Going for the win-lose is a bad sign for Google

Valleywag just wrote about something that’s been bothering me for a few weeks now.


Google has stopped linking directly to sites in their main search results and is instead passing each url through a really long, gnarly redirect. This is something Yahoo! has been doing for a long time and it’s pretty lame. You can’t cut and paste links out of the search results any more, and it takes longer to get where you want to go because you have to go through a middleman. It’s a subtle thing, but it’s really annoying. I’ve always believed that the lack of such redirects was a big reason why Google always maintained a lead over Yahoo! in the search wars.

What’s the point of these redirects? They’re there so that Google/Yahoo can accurately track clicks on their search results pages. I previously assumed that Google, because they weren’t beholden to archaic link tracking methodologies like Yahoo!, was using javascript click handlers and ajax to do the tracking behind the scenes. I guess I overestimated them.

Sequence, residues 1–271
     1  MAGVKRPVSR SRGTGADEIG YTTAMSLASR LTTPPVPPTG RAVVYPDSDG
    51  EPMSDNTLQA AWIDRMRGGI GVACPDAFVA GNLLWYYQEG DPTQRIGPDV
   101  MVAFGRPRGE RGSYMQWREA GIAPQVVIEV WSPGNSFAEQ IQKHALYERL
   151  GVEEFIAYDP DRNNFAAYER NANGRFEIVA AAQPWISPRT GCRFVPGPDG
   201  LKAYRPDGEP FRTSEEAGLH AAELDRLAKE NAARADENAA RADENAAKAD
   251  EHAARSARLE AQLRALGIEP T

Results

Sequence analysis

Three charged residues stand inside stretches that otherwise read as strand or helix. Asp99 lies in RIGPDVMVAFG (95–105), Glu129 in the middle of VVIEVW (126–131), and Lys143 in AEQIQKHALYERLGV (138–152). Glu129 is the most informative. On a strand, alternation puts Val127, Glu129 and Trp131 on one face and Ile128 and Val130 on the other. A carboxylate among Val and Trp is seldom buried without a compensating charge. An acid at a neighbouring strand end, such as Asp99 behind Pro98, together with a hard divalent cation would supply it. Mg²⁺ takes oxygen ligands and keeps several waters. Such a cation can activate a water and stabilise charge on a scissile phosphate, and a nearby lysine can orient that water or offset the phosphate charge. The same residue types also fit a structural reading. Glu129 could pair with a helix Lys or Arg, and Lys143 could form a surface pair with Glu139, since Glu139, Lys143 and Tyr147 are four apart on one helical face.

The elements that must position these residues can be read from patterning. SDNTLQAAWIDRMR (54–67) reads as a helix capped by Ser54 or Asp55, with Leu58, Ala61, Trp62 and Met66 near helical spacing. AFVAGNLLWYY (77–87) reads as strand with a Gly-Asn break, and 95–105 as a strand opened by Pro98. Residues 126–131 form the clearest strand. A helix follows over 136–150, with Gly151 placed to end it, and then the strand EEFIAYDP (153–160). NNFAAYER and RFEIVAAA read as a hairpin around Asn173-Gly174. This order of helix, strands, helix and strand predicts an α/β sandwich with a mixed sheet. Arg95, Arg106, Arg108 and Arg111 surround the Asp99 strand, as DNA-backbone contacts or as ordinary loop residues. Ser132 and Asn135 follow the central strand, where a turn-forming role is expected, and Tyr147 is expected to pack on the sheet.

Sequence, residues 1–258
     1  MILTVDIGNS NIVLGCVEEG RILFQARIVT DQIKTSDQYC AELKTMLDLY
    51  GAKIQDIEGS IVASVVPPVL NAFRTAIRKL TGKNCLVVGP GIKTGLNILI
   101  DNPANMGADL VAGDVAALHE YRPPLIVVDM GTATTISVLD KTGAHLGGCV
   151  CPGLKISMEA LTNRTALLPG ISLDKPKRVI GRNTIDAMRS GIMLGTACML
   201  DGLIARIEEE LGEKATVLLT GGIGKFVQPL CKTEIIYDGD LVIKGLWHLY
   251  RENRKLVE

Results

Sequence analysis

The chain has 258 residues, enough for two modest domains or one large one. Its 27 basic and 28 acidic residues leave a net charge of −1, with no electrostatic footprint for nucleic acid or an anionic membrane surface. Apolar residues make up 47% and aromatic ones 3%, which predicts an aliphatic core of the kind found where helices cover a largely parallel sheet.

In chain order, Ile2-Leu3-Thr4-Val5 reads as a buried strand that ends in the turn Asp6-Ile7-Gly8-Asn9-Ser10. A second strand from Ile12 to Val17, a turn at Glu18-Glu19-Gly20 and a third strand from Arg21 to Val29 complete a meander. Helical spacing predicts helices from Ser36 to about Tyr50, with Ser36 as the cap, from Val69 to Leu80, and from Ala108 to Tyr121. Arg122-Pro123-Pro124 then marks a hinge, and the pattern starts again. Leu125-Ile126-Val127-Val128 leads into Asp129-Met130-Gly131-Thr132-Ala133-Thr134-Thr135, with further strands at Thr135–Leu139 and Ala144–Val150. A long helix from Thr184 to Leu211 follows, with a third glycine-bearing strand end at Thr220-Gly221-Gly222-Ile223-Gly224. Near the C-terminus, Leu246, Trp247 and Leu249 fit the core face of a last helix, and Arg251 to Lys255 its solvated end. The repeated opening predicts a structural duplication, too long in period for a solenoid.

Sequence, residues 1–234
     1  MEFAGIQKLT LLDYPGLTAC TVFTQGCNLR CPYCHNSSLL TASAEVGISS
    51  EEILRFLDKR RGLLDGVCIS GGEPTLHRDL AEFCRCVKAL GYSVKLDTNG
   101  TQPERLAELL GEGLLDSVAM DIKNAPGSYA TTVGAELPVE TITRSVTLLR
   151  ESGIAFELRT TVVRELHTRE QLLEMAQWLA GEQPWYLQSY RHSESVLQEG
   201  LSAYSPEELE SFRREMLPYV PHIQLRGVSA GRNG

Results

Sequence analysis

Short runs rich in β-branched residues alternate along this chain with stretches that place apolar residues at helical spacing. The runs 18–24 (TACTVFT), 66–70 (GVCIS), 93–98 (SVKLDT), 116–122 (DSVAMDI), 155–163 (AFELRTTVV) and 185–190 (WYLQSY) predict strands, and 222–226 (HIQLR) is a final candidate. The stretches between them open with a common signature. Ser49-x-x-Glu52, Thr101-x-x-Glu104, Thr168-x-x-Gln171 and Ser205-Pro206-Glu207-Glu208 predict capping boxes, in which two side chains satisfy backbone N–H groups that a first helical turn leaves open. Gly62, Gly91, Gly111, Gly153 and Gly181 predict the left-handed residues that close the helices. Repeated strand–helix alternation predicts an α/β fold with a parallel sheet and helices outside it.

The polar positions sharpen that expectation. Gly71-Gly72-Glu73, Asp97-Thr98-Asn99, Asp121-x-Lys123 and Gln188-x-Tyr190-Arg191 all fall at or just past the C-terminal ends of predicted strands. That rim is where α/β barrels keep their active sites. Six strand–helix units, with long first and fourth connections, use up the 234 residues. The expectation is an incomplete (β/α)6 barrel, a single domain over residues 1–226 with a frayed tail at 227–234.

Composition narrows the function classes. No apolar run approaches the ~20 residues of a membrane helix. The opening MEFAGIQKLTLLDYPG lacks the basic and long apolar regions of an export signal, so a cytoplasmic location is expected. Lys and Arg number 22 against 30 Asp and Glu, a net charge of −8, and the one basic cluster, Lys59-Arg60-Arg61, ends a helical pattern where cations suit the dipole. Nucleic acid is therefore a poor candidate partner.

This is a bad, bad sign for Google. It means they are, perhaps for the first time, willing to sacrifice the quality of the user experience in order to feed more data to the reports read by upper management. Google wins here (short term), but the user loses. It’s very un-dude.

A change like this could only be made to their #1 money-maker if their fantastic culture and spirit is eroding and giving way to typical big company BS. It means that some VP managed to put his short term goals ahead of the company’s long term success. Perhaps they’ve let too many Paul Buchheit’s get away and hired ladder climbers in their place.

If I owned any Google stock, I’d sell it soon (although, to be fair, I’ve said that a few times before and I’ve been wrong every time).

2 Responses to “Going for the win-lose is a bad sign for Google”

  1. Eran Sandler Says:

    As far as I know it only happens when you are logged in (due to Gmail or any other Google app).

    If you’ll log out and perform the search you’ll see that it will have the garbled URL.

    I think there are two reasons why they did it:
    1) When you are logged in they have their personalization engine on, so it needs to know which link you clicked.

    2) They didn’t do it using JavaScript or another technique, probably to circumvent JavaScript problems on devices that don’t support it or on browser that it can be turned off.

    There are still various techniques in monitoring that without the redirect link that I think they are using to some extent when you are not logged in.

  2. Adam Jacob Muller Says:

    It depends on the browser you use. With safari for example I get regular URLs. With camino, I get redirect URLs. I am assuming therefor that it has something to do with some limitation or issue with the browser not working 100%.